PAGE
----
Industry looks to a return to normality as many countries continue to struggle with pandemic
Chengdu, capital of Sichuan province, is most well-known for spicy hotpot and pandas. But for people in the automobile industry, the city’s appeal doesn’t stop there, especially this year.
Due to the pandemic, the annual Geneva motor show in Switzerland was canceled and the biennial Beijing auto exhibition has been delayed.
So the Chengdu auto show, which kicked off on Friday and continues to Aug 2, is the first major offline gathering for carmakers, dealers, reporters and visitors this year.
The annual event attracts over 120 Chinese and international brands ranging from Wuling and Geely to Mercedes-Benz and Rolls-Royce, according to the event’s organizing committee.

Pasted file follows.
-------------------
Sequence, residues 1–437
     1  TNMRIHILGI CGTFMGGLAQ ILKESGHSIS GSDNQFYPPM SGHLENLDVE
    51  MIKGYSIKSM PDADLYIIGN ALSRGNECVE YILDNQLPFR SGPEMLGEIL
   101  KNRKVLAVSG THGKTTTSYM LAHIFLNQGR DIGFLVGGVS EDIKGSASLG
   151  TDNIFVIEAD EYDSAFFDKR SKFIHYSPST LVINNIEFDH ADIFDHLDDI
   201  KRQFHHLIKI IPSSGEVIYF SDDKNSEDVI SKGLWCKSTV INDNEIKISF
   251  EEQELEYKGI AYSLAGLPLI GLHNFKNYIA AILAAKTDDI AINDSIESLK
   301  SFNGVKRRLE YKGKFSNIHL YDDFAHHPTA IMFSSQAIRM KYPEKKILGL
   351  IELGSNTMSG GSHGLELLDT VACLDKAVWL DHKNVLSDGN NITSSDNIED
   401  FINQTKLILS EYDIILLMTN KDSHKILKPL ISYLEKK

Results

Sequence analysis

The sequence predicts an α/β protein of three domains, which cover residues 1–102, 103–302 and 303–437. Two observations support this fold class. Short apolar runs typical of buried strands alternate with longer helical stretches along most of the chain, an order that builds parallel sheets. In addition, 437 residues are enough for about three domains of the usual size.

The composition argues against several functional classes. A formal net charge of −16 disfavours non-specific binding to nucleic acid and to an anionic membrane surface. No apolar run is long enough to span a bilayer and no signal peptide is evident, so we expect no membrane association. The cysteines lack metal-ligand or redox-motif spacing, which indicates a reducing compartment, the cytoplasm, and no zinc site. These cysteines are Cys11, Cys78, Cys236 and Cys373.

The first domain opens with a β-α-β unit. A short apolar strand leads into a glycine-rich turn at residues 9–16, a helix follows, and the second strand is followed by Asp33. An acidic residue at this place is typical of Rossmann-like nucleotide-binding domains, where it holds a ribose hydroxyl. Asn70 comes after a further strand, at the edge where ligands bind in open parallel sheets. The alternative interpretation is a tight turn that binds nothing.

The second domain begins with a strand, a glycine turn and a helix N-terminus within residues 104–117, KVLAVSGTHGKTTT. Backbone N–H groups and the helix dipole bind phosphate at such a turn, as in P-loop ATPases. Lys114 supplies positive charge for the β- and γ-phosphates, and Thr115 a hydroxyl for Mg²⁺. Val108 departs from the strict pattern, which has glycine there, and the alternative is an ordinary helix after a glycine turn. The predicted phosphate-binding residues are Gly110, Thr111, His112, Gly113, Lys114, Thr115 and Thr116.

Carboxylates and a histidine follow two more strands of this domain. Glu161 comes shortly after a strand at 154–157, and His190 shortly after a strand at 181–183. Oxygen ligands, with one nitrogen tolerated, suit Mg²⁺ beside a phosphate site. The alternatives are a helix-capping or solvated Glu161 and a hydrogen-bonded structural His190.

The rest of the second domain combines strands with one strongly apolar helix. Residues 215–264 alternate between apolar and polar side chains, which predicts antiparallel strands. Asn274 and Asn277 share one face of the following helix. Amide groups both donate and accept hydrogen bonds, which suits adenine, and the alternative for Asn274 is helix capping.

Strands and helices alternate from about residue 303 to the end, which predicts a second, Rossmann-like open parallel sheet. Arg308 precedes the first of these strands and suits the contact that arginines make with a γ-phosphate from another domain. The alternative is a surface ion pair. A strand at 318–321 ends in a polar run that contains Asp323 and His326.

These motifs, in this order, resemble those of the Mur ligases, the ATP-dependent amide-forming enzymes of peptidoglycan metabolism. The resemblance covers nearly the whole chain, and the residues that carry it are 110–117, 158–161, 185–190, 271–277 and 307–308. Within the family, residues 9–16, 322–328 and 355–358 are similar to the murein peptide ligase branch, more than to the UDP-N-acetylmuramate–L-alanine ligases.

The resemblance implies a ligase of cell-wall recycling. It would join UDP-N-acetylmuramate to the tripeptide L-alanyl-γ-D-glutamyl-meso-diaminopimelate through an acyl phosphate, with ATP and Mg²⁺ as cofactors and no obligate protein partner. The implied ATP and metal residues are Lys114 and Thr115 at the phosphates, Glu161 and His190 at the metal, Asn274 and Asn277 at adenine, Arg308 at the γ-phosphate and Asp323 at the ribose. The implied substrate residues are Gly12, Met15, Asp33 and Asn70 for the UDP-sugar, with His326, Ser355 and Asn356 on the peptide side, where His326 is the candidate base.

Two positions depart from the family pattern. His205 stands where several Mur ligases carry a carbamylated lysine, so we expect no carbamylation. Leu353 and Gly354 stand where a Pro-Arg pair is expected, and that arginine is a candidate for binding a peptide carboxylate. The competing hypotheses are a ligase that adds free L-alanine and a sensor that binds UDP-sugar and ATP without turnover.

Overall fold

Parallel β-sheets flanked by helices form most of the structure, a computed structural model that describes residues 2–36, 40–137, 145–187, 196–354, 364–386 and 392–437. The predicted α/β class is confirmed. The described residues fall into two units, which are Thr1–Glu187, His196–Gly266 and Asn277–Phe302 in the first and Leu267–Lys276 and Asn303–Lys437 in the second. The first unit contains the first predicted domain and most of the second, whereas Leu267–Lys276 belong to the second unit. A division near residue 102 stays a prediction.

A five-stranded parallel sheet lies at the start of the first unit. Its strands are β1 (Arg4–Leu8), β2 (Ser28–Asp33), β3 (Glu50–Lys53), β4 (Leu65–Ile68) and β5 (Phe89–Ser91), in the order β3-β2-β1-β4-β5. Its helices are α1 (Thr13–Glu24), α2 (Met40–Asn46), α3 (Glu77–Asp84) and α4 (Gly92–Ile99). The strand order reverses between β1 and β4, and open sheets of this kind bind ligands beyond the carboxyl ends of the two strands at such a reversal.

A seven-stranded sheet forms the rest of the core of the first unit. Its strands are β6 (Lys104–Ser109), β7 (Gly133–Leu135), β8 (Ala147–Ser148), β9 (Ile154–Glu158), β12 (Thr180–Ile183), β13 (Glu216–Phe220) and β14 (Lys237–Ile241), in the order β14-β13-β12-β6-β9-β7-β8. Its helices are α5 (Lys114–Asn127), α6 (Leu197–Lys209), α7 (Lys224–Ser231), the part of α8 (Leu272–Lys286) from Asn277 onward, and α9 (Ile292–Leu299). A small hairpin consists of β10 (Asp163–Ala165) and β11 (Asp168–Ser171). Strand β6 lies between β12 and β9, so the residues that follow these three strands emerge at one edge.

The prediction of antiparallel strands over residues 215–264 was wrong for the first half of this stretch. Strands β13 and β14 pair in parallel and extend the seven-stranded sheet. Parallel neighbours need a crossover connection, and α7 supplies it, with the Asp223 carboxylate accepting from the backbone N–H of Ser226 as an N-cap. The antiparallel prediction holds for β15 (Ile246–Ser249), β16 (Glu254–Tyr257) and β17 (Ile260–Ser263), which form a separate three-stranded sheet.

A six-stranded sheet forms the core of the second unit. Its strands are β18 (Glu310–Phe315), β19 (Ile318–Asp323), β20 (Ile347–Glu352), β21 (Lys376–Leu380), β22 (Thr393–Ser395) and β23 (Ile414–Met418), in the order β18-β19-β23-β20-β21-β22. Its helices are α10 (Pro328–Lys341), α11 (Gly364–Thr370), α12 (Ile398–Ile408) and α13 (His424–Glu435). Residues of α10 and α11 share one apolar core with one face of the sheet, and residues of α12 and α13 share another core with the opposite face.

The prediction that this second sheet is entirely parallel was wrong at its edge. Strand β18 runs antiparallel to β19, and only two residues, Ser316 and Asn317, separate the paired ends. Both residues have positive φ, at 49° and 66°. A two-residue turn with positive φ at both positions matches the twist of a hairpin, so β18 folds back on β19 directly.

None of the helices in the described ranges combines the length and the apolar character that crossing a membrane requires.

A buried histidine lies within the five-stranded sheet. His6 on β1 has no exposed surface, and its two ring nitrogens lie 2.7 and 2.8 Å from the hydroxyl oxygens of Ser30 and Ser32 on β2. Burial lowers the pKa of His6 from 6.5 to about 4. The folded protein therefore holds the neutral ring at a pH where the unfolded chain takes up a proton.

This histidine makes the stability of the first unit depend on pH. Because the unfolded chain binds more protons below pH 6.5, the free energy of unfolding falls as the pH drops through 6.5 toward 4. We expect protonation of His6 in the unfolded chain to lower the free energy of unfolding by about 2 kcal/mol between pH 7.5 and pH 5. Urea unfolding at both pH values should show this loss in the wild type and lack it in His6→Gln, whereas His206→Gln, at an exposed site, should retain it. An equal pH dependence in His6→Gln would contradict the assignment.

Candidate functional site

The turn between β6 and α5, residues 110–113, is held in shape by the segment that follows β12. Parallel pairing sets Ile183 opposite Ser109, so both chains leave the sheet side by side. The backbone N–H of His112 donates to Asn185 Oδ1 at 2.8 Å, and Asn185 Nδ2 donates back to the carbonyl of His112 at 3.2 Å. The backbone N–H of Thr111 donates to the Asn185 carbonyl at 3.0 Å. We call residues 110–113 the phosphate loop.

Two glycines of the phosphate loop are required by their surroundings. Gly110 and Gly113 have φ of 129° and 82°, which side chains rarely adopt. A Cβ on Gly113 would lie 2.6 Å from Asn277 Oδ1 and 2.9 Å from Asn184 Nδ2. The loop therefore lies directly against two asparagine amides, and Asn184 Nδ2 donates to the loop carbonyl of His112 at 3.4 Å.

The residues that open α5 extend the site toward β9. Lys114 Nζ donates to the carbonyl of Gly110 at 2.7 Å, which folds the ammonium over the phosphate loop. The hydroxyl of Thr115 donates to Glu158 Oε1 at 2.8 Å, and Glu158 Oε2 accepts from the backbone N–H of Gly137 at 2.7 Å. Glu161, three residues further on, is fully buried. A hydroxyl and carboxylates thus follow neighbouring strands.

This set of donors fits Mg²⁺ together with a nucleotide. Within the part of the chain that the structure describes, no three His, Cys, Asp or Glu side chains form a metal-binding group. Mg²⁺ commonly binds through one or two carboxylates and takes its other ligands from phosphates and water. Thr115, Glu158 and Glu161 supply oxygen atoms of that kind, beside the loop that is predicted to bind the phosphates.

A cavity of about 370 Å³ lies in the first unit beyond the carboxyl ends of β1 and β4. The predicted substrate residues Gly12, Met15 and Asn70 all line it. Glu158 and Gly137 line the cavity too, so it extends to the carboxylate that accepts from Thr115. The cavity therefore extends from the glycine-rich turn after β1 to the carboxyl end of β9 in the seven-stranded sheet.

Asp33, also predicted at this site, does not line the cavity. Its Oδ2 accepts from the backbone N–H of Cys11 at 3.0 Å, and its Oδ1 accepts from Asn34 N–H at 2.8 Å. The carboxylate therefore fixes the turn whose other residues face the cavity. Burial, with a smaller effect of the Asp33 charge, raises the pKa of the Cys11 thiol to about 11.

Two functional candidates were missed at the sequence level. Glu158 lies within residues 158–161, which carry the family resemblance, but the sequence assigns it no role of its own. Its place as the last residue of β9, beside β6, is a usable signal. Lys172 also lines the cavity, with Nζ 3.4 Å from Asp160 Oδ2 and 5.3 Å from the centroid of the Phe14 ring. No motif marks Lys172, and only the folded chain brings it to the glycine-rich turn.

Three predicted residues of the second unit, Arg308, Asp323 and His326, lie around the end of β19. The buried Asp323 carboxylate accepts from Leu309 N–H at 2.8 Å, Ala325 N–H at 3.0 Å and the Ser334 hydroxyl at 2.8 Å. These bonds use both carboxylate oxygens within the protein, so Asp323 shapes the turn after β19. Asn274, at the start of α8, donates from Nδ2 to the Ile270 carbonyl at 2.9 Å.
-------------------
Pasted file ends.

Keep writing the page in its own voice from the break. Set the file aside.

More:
A total of 16 models made global debuts and 26 had their China premieres on the first day of the motor show.
Around 2,700 reporters are covering the event, and the number of visitors to the week-long exhibition could reach 700,000, the committee said.
Analysts said as the pandemic is basically curbed in China, the auto industry, which is currently using a lot of livestreaming to sell cars, needs a major offline event to remind people of what things were like in pre-pandemic days.
“Luxury is sometimes beyond words. You have to sit in the car to feel it,” said one senior executive at a premium carmaker.
And what Chengdu offers is more than a chance to go through the motions. The city itself has vast market potential, which is probably an even more attractive thing.
Chengdu has more than 5 million vehicles on its roads, second only to Beijing in the country, according to the China Passenger Car Association, and it is thus the most important market in western China.